The deal, pitched as a merger, values Maxwell Technologies at $218m and will see the company as a subsidiary of Tesla. This follows Maxwell selling off its high voltage line in Switzerland last month in preparation for the deal.
Skeleton has a high volume ultracapacitor manufacturing plant in Germany based on a 3D graphene structure. "Tesla has made the right move - the ultracapacitor manufacturer acquisition highlights the evident limits of Li-ion batteries in terms of fast charging and thermal management, whereas ultracapacitors offer fast charging in seconds and ultra-high efficiency, allowing for better thermal management and much longer life-time," said Taavi Madiberk, the CEO of Skeleton Technologies.
Madiberk laid down a clear challenge to Tesla and cheif executive Elon Musk having taken on staff from Maxwell.
"We are expanding our manufacturing and R&D capabilities in Germany and have a clear road-map of hitting 60 Wh/kg, while retaining charging times measured in seconds and a cost point lower than high power batteries – we do not see Tesla closing the gap any time soon. In fact, key engineering people from Maxwell/Tesla have joined Skeleton recently."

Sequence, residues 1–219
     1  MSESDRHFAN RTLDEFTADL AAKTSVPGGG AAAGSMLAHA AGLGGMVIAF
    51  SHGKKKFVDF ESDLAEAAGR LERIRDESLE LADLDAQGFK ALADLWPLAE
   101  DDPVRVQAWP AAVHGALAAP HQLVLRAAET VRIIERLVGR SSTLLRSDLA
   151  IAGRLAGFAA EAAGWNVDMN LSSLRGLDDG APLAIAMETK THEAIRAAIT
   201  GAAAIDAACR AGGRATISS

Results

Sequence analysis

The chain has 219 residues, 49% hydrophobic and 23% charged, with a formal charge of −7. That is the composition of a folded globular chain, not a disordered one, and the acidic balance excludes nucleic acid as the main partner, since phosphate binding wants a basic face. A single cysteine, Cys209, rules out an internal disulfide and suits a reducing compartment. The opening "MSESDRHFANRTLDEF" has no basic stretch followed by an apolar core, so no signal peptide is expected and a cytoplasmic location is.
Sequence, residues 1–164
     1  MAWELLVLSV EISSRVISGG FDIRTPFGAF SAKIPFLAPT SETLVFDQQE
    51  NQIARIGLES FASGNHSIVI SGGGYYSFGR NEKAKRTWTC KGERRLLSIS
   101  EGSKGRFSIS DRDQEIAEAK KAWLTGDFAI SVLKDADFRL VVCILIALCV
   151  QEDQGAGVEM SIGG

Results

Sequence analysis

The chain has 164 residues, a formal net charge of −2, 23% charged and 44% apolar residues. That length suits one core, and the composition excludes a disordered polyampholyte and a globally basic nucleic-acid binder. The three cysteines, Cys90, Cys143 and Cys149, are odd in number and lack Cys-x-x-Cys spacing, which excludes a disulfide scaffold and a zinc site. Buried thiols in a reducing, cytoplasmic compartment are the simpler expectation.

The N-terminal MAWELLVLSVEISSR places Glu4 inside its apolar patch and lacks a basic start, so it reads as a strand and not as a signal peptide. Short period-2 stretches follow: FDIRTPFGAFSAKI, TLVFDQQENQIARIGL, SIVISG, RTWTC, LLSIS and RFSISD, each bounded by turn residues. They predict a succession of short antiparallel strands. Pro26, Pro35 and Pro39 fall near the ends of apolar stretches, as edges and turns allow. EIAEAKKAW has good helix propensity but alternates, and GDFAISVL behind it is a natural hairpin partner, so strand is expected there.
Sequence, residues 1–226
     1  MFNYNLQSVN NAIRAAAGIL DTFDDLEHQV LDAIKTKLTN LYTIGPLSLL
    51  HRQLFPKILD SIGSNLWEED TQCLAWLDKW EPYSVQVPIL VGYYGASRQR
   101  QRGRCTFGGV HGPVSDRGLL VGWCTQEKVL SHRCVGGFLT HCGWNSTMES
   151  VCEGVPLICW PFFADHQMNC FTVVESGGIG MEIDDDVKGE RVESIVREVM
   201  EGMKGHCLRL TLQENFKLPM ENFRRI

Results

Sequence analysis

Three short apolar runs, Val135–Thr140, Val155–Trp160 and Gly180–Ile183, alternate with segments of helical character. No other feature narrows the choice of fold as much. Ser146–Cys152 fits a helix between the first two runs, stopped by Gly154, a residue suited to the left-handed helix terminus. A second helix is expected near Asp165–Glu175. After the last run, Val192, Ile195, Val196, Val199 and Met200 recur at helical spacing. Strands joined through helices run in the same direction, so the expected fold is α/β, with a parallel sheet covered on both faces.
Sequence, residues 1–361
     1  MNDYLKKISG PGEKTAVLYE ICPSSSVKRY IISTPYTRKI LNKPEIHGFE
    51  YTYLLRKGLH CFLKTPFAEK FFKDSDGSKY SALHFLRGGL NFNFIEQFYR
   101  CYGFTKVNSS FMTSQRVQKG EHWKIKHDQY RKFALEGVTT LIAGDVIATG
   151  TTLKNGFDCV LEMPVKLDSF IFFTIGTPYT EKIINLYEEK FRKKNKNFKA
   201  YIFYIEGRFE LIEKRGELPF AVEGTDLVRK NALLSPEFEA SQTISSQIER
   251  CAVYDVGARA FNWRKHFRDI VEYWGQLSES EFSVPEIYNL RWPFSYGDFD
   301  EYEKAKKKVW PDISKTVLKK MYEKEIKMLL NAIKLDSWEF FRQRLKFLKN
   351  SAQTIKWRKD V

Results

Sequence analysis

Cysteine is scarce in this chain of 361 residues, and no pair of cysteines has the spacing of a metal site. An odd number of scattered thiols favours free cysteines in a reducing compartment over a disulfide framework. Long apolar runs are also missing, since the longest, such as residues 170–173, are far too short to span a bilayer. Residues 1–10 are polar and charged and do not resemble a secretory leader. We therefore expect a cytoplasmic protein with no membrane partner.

"Mr. Musk has previously stated that he is a big fan of ultracapacitors, but we need a breakthrough of in terms energy density. Tesla has a huge innovation gap: Maxwell Technologies has an energy density of 7Wh/kg, as opposed to Skeleton Technologies’ curved graphene ultracapacitors that offer today around 20 Wh/kg. Tesla/Maxwell is currently in a leading market position in the automotive industry, but without closing the innovation gap, they will not stay there for long. Mr. Musk studied ultracapacitors in Stanford during his PhD, but he is underestimating the 'R&D hell' to get to higher energy density ultracapacitors."
The deal is not just about the technology, though. Maxwell supplies Tesla's main US rival in electric cars, General Motors, as well as Geely, which own Volvo. This gives Tesla signficant commercial